Fellow docker Kevin Hussey was on the Tuesday demonstration. “I had only been a steward for two months,” he said. “We were supposed to go to lobby parliament. I can’t think of a better way of wasting a day. We had the debate and went to Pentonville prison instead.
“The Tories and the employers thought they had been really clever. But we kept on picketing. They couldn’t lock up thousands and thousands of us. And that’s it for me—if enough people defy the law then what can they do?”
London docker Bob Light was a member of the International Socialists, forerunner of today’s SWP. He spoke at more than 50 meetings over the five days to spread the action. “We’d put the case very simply and very abruptly,” he said.
“Not pleading or asking but saying that our class is under attack and we have to do something. The picket outside the prison was like an organising hub. All the main initiatives came out of there.”
Jimmy Nolan, a Communist Party member on the Liverpool docks said, “Workers didn’t wait for the officials, they just came out. We head a mass meeting at the pier head, and workers from all the other factories came along—without us even having approached them.”
Eddie Prevost was another docker in the International Socialists. He said, “I knew we’d beat them when we were postering down Oxford Street, and two coppers asked us to stop.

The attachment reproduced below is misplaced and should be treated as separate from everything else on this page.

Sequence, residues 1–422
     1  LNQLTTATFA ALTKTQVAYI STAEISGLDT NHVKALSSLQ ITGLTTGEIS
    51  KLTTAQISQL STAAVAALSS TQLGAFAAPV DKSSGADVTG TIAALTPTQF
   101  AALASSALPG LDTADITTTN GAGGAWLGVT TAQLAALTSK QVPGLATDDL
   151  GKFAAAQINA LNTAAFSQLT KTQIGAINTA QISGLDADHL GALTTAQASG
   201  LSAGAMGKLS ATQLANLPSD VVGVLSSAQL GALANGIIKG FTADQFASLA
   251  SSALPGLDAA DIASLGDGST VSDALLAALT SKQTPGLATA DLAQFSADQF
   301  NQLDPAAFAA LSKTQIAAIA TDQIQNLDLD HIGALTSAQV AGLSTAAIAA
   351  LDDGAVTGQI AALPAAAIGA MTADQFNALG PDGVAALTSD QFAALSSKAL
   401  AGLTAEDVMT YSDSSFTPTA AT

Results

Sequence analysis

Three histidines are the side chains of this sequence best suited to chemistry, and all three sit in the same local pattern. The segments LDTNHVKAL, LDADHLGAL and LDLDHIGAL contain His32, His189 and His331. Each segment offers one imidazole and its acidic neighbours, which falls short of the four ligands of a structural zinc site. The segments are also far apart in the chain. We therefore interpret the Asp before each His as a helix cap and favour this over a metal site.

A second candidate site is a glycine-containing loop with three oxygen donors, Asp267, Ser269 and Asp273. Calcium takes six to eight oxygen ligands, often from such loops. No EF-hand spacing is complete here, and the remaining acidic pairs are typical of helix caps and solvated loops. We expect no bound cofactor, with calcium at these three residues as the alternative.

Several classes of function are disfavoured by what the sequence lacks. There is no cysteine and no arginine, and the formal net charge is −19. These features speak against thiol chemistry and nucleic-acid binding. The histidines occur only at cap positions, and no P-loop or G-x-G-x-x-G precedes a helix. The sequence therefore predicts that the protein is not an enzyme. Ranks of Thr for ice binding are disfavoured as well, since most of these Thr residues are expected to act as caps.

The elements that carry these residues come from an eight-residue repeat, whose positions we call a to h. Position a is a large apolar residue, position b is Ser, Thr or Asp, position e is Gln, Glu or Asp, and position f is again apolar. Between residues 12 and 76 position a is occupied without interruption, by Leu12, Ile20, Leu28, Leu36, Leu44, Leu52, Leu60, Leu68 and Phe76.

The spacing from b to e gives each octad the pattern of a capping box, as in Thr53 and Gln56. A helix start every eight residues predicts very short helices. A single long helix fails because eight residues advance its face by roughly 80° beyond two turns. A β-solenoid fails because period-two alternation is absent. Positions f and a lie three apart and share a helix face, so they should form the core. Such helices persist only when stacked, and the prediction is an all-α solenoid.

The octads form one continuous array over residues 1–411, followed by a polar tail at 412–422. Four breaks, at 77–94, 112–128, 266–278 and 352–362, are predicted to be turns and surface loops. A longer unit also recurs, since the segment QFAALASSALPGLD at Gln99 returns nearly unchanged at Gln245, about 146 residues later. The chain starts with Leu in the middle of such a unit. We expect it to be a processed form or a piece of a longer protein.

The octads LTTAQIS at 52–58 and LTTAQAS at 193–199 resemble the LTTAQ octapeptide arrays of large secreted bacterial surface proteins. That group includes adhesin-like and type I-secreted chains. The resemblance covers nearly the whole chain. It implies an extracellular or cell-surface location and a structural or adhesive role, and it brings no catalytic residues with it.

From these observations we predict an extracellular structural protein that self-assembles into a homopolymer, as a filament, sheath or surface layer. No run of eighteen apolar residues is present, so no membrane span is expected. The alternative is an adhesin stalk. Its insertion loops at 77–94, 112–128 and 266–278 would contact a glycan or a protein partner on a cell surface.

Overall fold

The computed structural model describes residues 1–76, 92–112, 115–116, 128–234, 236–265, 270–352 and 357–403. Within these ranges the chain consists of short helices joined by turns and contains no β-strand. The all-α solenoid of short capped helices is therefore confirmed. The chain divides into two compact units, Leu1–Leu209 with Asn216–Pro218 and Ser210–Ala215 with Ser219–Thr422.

“They said, ‘Oh no lads, don’t do that, can’t you go somewhere else?’ Clearly they’d had the order not to arrest any more dockers!”
Bob remembers the role of Socialist Worker in the dispute. “There were a lot of militants around the Communist Party who didn’t want to break with the left wing of the union bureaucracy,” he said.
“If we’d done it at their pace the five would still be in prison. But in the dispute a new generation of militants, particularly Socialist Worker readers, took the lead.”
Vic Turner added, “Sometimes it feels like it’s harder for people to make a difference today. But I think their time will come. Employers don’t change. The time will come that will bring back that atmosphere of the 70s.”